Fix That Dent!


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Got a new dent on your car? It happens to all of us but now you can fix it yourself with some of the new kit products now on the market.

Although there are no hard and fast statistics on the issue, everyone’s car will get one. How much you pay to get it removed depends on where and how you get it fixed. The size also comes into play. There is a big difference between a crash and a dent. A crash involves severe force and the impact can torque and/or bend the vehicle’s frame. A dent involves very little force. If there is creasing in the metal or the underlying supporting structures are affected then seek a professional body shop. Or, if you do have the necessary knowledge you can undertake the endeavor using a wide assortment of body repair tools. The body shop can now come to you. Paint less and non-invasive methods are now available for the do it yourselfer. Ranging in size from a few centimeters to 3 or 4 inches can be removed is a span of about 15 minutes. If done correctly, there is usually little to no evidence of repair left behind.

Paint less removal is not the total cure all. There are a number of different factors that restrict this particular technique. One concern is how much of the car’s metal was stretched on impact. Pulling on already stretched metal can make matters worse by furthering distortion which in turn leads to paint problems. Then there is the condition of the paint which has to be considered. This type of repair should only be performed on vehicles with OEM paint. If your car has been repainted then seek an alternative form of repair. Aftermarket paint will tear right away from the car. Repair kits are designed to provide an effective and easy means of doing this type of repair. There are different kits designed for different sized dents and degrees.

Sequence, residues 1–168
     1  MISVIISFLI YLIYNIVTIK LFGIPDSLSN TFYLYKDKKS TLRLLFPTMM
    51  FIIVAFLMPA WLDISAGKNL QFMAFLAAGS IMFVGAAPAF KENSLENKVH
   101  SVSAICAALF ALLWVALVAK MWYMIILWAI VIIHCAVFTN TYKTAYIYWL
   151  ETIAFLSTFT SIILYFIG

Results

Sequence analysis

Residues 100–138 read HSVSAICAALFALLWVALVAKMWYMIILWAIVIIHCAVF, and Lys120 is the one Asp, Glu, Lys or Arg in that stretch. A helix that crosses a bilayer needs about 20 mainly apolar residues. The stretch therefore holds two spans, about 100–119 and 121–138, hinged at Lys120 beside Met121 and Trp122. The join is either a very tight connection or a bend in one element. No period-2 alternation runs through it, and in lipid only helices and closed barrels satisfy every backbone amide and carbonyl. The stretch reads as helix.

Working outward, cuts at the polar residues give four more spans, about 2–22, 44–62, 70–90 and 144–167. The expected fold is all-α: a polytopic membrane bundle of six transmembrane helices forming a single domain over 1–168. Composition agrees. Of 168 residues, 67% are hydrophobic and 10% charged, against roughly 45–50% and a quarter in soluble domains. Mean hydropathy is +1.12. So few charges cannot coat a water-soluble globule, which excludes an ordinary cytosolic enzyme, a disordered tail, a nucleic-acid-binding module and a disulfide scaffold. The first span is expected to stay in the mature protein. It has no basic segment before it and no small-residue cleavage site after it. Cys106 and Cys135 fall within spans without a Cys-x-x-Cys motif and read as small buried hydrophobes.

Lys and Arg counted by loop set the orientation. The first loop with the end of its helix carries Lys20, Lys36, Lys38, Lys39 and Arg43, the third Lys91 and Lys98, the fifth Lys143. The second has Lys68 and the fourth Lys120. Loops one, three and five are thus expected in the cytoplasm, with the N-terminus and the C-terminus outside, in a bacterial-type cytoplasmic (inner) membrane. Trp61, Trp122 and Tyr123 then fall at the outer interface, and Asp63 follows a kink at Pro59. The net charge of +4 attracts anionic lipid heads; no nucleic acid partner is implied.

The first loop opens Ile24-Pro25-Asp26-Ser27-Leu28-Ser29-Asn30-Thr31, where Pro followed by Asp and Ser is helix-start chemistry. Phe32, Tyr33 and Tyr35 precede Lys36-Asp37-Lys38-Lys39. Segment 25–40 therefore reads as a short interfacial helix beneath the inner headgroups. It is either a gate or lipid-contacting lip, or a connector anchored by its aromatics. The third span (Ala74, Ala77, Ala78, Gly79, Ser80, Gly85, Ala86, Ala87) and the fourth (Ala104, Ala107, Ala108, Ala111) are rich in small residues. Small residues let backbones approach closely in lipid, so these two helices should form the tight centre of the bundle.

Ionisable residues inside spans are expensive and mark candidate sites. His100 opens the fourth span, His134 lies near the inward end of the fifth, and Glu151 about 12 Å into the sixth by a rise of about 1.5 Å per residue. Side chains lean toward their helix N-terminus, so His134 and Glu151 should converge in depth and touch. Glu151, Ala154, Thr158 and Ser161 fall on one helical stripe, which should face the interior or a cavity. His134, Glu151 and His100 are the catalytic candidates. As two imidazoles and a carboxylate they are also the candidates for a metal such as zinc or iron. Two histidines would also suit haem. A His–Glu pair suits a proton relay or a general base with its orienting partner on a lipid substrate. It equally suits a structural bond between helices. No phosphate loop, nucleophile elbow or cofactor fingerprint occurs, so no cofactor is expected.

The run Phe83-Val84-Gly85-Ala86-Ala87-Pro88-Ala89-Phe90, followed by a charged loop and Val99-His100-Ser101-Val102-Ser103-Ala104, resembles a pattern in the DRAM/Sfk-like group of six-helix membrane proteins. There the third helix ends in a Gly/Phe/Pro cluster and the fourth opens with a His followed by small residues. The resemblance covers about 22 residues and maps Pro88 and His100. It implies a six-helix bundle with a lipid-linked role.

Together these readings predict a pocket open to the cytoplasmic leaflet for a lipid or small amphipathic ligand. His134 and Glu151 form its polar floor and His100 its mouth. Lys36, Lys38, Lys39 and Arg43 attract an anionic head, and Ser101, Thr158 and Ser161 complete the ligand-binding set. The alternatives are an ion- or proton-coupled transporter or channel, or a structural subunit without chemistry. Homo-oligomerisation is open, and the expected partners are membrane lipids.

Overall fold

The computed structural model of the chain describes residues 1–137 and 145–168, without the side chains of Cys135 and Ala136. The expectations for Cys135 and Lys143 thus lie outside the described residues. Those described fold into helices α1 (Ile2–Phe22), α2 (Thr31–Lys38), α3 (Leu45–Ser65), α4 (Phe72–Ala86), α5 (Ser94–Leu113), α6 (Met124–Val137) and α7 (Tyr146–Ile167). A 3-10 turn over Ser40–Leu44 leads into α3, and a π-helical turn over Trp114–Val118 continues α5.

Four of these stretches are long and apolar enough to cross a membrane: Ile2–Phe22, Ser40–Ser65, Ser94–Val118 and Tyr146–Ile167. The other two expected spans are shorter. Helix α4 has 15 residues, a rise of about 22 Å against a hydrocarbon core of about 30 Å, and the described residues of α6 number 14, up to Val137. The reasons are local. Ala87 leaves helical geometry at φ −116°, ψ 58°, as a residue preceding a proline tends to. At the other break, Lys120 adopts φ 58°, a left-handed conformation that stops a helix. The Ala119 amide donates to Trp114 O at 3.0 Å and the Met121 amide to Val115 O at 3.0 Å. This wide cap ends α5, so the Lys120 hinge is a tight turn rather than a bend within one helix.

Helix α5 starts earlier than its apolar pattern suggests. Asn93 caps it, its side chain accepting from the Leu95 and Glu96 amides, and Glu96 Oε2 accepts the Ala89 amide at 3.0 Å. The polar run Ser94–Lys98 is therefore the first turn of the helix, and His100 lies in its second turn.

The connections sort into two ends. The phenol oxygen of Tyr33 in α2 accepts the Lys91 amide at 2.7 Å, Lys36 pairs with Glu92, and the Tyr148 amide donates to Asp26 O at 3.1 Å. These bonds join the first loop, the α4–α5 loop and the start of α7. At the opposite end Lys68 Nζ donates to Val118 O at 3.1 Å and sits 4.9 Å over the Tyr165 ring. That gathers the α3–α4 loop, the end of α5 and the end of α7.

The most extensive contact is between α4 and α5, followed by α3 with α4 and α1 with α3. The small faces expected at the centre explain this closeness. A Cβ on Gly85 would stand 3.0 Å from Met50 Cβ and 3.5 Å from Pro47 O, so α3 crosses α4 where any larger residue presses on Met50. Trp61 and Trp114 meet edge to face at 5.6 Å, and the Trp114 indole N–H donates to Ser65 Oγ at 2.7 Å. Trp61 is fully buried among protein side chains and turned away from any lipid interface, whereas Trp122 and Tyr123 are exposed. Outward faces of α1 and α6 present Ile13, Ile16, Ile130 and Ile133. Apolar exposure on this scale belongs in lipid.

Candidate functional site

Here are the basic steps:

Its best the temperature of the metal be between 55 and 90 degree Fahrenheit. Use the yellow glue sticks for cool weather 55-75 and red for warm 55-75. The adhesive can become extremely hot in excess of 300 degrees. Severe burns may occur if the glue comes in contact with your skin. The use of protective gloves is highly recommended. Give your car a thorough washing and remove any surface dirt and wax in the immediate area with a polishing agent. Clean the area with the supplied release agent using a lint free cloth. Then clean the surface of the tab with the supplied release agent as well. (Caution: the release agent is flammable – do not smoke).

Next apply the hot adhesive to the tab and be careful not to apply too much as any drips may cause severe burns. Either visually judge or measure the center of the dent. Use a dry eraser marker to mark the center. Place the tab softly on the center and hold in place for 10 seconds. Allow to cure 2 to 3 minutes. (DO NOT push the tab firmly against the dent! The more adhesive kept between the tab and the dent the more strength it will have.)

Next, attach the slide hammer to the tab and gently drag the weight to the end of the shaft. Slowly increase the force of each blow until the desired result is achieved. To remove the adhesive and the tab, simply apply 1-2 drops of the release agent to the adhesive and peel it off. Occasionally a high spot will occur. To level the spot use a small hammer and the supplied finishing tool and lightly tap the high spot until it is level with the surrounding surface. Repeat steps 3-8 until the desired results have been achieved.

Another tried and true method is using a common household commode plunger. Simply clean the dented area and then wet the plunger and dent and press it on the dent to remove the air inside and pull it sharply out from the metal.

That’s how it’s done!
Go to dent / car caretips!

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